CAREER: A Keystone for Precision Neutrino Physics: Multi-Target Neutrino-Nucleus Cross Section Measurements with the Fermilab Short-Baseline Neutrino Program

Project Details


One of the major intellectual achievements of the 20th century was the development of the Standard Model (SM) of particle physics. This model succeeded in classifying all of the elementary particles known at the time into a hierarchy of groups having similar quantum properties. However, the Standard Model as it currently exists leaves open many questions about the universe, including such fundamental questions as to why the Higgs mass has the value it has and why there is no antimatter in the universe. One of the primary areas to search for answers to these and other open questions about the universe is to focus on a study of the properties of neutrinos and to use what we know and can learn about neutrinos as probes of science beyond the Standard Model. We now know there are three kinds of neutrinos that are distinguishable through the different interactions that they undergo whenever there is an interaction. We also know that neutrinos do have a mass and because they do, they can actually change from one type to another. Detailed measurements of these changes, along with other current neutrino experiments, form one of the most promising ways to probe for new physics beyond the Standard Model. Such measurements lie at the heart of this award which will study neutrino-nucleus interactions in order to deeply understand how neutrinos oscillate from one type to another. This work will be crucial to the upcoming neutrino experiment, DUNE, at the U.S. Fermi National Accelerator Laboratory (FNAL), one of the top-priority experiments in High Energy Physics. This research group at Rutgers University will also broaden diversity in physics by using their data analysis work to promote engagement in physics among African-American New Jersey high school students.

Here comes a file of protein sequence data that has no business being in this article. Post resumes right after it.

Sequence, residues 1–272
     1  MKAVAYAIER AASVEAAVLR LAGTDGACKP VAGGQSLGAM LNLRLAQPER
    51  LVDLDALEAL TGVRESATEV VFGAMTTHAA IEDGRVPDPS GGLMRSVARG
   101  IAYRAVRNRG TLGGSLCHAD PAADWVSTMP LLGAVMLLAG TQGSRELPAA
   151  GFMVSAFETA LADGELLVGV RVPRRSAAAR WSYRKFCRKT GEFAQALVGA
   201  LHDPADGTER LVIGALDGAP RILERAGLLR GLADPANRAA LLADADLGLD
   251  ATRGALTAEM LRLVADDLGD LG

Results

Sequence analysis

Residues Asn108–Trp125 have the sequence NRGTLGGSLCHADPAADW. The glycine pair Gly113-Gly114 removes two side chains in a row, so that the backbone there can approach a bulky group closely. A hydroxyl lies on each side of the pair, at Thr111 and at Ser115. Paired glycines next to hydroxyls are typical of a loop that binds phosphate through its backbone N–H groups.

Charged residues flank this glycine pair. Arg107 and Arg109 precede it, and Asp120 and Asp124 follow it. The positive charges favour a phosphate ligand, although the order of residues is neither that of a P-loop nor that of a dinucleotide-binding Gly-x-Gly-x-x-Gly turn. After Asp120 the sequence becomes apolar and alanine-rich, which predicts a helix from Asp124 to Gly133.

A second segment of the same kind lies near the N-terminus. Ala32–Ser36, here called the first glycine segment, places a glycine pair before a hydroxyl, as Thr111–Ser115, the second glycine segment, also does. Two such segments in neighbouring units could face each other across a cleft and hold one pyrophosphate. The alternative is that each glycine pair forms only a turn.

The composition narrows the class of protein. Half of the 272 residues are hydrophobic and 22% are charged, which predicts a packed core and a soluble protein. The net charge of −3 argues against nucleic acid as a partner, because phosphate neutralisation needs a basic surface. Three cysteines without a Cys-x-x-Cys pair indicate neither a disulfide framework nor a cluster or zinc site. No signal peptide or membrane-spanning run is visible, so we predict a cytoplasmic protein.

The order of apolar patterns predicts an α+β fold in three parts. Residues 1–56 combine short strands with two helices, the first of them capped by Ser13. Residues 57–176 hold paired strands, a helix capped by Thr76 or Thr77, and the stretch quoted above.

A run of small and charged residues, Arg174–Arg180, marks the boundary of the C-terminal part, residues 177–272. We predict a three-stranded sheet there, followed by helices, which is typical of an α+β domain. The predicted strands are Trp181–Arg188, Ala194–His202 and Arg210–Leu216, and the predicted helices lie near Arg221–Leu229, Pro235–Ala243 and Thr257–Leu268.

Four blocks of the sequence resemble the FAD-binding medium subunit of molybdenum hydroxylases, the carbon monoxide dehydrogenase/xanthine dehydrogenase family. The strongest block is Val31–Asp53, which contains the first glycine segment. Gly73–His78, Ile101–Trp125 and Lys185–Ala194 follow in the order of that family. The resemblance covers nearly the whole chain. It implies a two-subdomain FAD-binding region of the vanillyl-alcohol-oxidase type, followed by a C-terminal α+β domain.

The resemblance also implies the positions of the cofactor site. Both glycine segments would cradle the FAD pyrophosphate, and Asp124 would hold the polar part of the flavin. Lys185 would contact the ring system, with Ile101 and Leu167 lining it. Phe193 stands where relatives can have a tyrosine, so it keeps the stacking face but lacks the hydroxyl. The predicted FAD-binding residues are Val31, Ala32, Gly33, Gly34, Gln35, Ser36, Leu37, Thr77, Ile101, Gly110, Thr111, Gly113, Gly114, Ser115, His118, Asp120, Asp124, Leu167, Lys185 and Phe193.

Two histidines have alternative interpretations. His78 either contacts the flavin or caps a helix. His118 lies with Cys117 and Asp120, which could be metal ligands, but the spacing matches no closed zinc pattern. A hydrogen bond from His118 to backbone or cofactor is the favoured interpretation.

There is currently a large interest in experimental particle physics in Liquid Argon Time Projection Chambers (LArTPC) spurred in part by the new DUNE project at FNAL and in neutrino physics in general. Another technology of interest to DUNE is water-based liquid scintillator detectors. This award will develop both of these technologies and study neutrino interactions with both liquid argon and liquid scintillator. The data will be obtained using the Booster Neutrino Beam at FNAL and the detectors of the ANNIE and SBND experiments. A simultaneous measurement of neutrino interactions with water and argon targets using the same high-intensity neutrino beam will precisely relate these two nuclei, enable stringent constraints on models, deepen our understanding of crucial energy losses to neutrons in liquid argon detectors, and enable scientists to quantitatively re-tune models. These advances will enable improved cross-experiment comparisons that enhance our global picture, and broadly extend the physics capabilities of liquid argon based detectors. In particular, the proposed work represents a unique window of opportunity to enable future joint analysis of DUNE and Hyper-Kamiokande data.

This award reflects NSF's statutory mission and has been deemed worthy of support through evaluation using the Foundation's intellectual merit and broader impacts review criteria.

Effective start/end date3/15/212/28/26


  • National Science Foundation: $440,000.00


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